But we’re to know God’s Word for ourselves so we can discern when someone is telling us something different.

False prophets don’t always look or sound like false prophets at first. They are “deceitful workmen, disguising themselves as apostles of Christ. And no wonder, for even Satan disguises himself as an angel of light. So it is no surprise if his servants, also, disguise themselves as servants of righteousness. Their end will correspond to their deeds” (2 Corinthians 11:13-15). Paul said in Galatians 1:8, “But even if we or an angel from heaven should preach to you a gospel contrary to the one we preached to you, let him be accursed.”

Much of the OT warns against false prophets. In one place, “Thus says the LORD of hosts: Do not listen to the words of the prophets who prophesy to you, filling you with vain hopes. They speak visions of their own minds, not from the mouth of the LORD'” (Jeremiah 23:16).

The NT warns of false prophets and teachers as well. In her book Another Gospel?: A Lifelong Christian Seeks Truth in Response to Progressive Christianity, Alisa Childers writes: “Much of the New Testament, including the entire book of Jude, is dedicated to helping Christians watch out for, recognize, and avoid these sheep-clothed wolves. In researching some of these passages, I discovered that the topic of false teachers and false teaching is addressed directly in twenty-two of twenty-seven New Testament books. Encouragement to keep the true faith and to practice discernment is mentioned in every single one.”

The Bible warns that false teachers will not only come in from the outside, but they’ll arise from within the congregation. In Paul’s farewell message to the elders at Ephesus, he warned, “I know that after my departure fierce wolves will come in among you, not sparing the flock; and from among your own selves will arise men speaking twisted things, to draw away the disciples after them. Therefore be alert,” (Acts 20:29-31a). Peter warned about false teachers arising “among you, who will secretly bring in destructive heresies, even denying the Master who bought them” (2 Peter 2:1-3). This was what happened to Alisa Childers, whose book I mentioned. Her own trusted pastor began undermining longstanding doctrines of the faith.

The Bible gives us the responsibility to watch out for false doctrine. I’ve already mentioned Paul’s admonition to “be alert” in Acts 20:31. Jesus began warnings about false teachers with the word “Beware.” Paul says elsewhere, “See to it that no one takes you captive by philosophy and empty deceit, according to human tradition, according to the elemental spirits of the world, and not according to Christ” (Colossians 2:8).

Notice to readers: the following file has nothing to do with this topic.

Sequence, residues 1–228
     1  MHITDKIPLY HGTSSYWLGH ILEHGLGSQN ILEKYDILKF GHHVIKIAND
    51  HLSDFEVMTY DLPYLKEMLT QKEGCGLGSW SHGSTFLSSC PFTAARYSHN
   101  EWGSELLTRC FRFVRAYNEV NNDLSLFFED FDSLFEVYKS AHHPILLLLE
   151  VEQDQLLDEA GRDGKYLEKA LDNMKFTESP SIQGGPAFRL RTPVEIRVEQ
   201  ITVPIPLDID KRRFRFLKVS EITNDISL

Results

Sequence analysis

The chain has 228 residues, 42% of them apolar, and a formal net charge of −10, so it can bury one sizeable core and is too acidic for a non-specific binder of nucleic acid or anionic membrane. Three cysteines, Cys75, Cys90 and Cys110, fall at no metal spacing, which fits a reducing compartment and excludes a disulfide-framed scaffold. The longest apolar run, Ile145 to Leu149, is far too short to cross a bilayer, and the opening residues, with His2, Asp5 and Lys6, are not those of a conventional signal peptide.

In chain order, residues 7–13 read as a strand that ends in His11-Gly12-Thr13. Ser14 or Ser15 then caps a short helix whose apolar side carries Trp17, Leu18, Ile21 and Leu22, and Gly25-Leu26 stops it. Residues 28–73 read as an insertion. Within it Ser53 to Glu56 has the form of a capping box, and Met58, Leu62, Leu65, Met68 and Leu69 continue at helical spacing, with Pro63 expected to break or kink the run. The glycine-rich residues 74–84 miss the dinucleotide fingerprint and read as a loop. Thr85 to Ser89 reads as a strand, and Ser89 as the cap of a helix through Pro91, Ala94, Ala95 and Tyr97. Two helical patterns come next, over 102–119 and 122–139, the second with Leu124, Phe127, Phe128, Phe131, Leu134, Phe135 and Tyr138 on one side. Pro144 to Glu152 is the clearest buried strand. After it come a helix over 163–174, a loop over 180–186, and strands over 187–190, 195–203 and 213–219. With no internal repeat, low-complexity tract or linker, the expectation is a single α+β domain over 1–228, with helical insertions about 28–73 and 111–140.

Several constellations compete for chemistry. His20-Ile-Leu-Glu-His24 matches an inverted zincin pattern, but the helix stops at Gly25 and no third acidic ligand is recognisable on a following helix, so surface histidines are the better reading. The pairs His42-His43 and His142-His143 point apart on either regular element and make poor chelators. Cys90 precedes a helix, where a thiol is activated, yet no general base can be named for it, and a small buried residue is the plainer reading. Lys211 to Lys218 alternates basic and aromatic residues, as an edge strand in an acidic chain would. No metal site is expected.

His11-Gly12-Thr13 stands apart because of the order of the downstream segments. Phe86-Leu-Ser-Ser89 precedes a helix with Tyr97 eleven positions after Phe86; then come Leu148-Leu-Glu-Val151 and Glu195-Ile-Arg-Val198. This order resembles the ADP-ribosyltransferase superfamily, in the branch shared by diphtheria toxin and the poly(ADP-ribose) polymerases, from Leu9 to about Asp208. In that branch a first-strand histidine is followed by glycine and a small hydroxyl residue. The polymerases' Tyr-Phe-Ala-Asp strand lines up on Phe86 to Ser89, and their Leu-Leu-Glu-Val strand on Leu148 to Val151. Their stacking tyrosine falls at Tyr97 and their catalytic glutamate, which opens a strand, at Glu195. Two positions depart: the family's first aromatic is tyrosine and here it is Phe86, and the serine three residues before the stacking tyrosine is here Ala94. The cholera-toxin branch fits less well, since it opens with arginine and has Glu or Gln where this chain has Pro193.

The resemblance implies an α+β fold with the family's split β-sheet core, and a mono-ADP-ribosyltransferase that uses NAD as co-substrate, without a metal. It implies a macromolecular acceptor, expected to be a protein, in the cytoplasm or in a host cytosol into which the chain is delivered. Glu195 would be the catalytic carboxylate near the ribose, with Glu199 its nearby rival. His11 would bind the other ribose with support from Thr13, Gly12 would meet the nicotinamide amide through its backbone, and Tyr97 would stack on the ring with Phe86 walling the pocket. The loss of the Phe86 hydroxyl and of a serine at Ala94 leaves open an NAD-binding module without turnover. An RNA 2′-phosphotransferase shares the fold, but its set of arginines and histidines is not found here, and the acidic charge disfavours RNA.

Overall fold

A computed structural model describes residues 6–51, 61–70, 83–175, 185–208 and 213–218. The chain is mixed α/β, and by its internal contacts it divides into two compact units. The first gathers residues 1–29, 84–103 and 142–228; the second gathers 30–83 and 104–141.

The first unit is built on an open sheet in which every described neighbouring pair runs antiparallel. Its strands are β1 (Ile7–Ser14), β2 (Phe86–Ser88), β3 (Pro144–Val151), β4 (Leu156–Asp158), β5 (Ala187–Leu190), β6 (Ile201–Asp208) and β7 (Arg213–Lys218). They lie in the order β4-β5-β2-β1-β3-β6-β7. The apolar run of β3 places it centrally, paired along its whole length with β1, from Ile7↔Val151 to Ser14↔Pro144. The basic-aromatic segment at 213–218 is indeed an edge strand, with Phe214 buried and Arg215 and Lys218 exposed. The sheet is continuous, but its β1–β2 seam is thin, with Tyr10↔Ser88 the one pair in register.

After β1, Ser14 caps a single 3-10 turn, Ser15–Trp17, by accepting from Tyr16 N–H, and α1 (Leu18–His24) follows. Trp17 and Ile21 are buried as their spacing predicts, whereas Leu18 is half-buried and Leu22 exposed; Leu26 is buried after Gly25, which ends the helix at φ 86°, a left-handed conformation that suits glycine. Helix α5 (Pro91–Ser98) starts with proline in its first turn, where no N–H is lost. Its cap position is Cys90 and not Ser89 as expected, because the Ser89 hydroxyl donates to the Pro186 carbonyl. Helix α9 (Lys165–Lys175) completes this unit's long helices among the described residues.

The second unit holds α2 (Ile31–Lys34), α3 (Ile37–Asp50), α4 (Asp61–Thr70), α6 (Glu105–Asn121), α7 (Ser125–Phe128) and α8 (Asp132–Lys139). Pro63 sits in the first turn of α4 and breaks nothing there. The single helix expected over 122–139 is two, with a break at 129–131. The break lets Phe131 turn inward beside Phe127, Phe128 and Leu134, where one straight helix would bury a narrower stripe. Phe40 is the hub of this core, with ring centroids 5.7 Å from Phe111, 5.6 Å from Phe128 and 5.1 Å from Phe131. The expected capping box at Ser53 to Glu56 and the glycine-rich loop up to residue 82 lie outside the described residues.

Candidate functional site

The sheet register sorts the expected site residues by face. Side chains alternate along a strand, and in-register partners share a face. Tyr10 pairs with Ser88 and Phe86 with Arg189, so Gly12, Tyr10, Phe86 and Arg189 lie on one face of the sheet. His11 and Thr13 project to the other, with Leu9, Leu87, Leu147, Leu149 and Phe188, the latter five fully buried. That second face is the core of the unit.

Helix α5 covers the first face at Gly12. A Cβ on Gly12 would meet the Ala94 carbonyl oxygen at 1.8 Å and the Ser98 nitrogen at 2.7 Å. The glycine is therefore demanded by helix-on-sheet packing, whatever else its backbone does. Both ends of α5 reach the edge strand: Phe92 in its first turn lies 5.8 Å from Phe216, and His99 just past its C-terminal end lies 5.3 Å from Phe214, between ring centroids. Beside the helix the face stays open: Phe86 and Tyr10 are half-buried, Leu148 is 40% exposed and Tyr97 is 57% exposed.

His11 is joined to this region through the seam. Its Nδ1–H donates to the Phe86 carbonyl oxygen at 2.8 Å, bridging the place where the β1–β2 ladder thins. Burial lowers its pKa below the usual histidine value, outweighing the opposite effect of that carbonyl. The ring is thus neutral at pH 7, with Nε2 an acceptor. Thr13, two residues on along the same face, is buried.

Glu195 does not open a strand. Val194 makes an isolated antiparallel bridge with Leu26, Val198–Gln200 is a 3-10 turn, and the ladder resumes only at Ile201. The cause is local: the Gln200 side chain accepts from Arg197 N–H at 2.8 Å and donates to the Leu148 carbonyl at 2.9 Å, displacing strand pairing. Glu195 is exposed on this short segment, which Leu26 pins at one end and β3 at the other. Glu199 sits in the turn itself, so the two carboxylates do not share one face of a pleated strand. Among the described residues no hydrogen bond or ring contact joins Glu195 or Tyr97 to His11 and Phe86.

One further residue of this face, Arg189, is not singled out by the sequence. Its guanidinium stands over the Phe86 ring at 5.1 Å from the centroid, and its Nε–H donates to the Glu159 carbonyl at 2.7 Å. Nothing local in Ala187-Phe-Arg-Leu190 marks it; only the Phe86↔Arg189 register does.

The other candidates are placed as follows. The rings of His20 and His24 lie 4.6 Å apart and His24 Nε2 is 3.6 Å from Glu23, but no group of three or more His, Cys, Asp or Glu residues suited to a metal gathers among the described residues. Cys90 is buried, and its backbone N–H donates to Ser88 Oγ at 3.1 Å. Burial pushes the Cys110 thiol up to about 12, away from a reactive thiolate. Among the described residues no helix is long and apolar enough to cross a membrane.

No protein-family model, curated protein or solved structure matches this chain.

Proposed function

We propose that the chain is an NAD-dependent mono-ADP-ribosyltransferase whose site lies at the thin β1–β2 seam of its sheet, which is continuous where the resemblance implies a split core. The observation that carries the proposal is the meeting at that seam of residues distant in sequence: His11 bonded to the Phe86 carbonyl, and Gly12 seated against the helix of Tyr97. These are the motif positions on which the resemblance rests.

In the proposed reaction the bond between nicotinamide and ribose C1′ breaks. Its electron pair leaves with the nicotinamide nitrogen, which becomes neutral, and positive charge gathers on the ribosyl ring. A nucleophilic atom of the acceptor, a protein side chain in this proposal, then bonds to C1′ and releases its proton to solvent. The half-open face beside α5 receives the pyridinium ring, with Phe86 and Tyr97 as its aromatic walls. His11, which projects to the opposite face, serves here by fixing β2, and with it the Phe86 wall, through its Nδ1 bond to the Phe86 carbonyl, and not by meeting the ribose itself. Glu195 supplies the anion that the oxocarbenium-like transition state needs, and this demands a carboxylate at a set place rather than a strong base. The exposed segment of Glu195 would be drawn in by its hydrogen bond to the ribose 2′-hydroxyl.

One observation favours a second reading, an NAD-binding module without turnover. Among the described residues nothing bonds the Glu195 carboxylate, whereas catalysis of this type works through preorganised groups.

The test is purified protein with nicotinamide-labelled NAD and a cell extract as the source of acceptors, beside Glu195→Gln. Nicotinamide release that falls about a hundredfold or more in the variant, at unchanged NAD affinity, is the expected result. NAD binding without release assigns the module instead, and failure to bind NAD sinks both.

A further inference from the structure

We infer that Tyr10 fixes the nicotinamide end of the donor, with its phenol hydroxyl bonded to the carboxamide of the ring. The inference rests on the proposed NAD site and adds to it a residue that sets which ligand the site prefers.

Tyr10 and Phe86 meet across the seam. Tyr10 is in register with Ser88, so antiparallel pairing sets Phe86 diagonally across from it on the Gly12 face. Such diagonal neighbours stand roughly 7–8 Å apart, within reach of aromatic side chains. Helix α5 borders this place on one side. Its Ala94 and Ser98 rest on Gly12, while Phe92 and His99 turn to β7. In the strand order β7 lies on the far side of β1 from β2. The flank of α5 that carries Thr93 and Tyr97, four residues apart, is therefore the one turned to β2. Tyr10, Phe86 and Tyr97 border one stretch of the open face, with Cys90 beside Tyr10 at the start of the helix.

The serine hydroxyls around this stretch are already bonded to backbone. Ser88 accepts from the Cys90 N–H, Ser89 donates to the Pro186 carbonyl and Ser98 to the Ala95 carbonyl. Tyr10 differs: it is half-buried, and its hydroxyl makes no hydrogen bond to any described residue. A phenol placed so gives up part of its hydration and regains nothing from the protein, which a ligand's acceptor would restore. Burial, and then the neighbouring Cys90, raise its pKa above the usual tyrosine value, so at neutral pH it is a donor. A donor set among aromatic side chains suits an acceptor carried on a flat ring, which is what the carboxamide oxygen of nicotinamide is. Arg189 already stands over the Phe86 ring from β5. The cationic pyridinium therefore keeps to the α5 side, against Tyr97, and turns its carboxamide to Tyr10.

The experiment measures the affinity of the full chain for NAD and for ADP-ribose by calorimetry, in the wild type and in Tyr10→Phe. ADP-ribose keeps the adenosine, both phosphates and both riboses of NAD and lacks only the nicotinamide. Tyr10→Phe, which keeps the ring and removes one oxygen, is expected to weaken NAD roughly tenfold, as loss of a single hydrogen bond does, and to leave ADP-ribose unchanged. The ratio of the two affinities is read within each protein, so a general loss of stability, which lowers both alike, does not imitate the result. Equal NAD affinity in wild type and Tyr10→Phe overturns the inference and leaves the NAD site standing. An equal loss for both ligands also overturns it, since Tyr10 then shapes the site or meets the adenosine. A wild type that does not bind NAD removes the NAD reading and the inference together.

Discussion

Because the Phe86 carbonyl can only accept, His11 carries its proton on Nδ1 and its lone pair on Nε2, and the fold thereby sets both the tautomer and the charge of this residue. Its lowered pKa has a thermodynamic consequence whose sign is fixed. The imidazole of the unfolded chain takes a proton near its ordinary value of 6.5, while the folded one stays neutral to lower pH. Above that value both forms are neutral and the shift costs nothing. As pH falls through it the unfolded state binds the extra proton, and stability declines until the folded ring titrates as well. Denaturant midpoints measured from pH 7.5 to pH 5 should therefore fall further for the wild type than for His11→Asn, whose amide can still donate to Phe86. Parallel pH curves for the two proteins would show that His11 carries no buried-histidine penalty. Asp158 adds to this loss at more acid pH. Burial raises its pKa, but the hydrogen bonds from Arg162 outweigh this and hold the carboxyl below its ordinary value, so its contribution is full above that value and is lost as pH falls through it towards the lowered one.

I don’t think this means we need to become unduly suspicious of one another. But we study the Word of God and check whatever we’re taught against it. The Bereans in Acts were called noble because they did this with Paul’s teaching. Alisa followed their example and searched for the truth, nailing down why she believed what she did.

After Paul’s warning to the Ephesian elders, he said, “And now I commend you to God and to the word of his grace, which is able to build you up and to give you the inheritance among all those who are sanctified” (Acts 20:32). When he wrote to the Ephesians later, he said God had given the church gifts in “the apostles, the prophets, the evangelists, the shepherds and teachers” in order “to equip the saints for the work of ministry, for building up the body of Christ, until we all attain to the unity of the faith and of the knowledge of the Son of God, to mature manhood, to the measure of the stature of the fullness of Christ, so that we may no longer be children, tossed to and fro by the waves and carried about by every wind of doctrine, by human cunning, by craftiness in deceitful schemes” (Ephesians 4:12-14).

So while we don’t need to get paranoid, we do need to be alert. And we remember that we don’t come to the Bible just for affirmation or comfort or warm fuzzies. We come to it to find truth about and from God. We study God’s Word for ourselves and with others, and as we grow in spiritual maturity, we won’t be deceived and tossed about.

(I often link up with some of these bloggers.)

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Here’s another round-up of thoughtful reads.

God Sees the Whole Picture, HT to Challies. “Sometimes our dots line up, and we connect one to the other and the picture is clear. We see what God was trying to do and we say, ‘Oh, I get it. That’s why that had to happen that way.’ That’s why the tire was flat. That’s why I got sick. That’s why I lost my job. ‘Now I understand.’ But other times none of it makes sense. We wait for God to tie up the ends and put a bow on it so we can look at a completed package with spiritual satisfaction, admire the intricate workings of God and justify His actions. But He doesn’t and it doesn’t.”

Wise People Don’t Believe the Best About Everyone. “Heart-broken parents have told me, ‘I didn’t think my parents would hurt their own grandchildren.’ Yet those same parents abused the adults that sat before me when they were children. If they harmed their own child, why would they be different with their grandchild? Discernment feels mean to some people. They don’t want to hurt someone’s feelings. They think good people believe the best. Yet, that is not what Christ practiced.”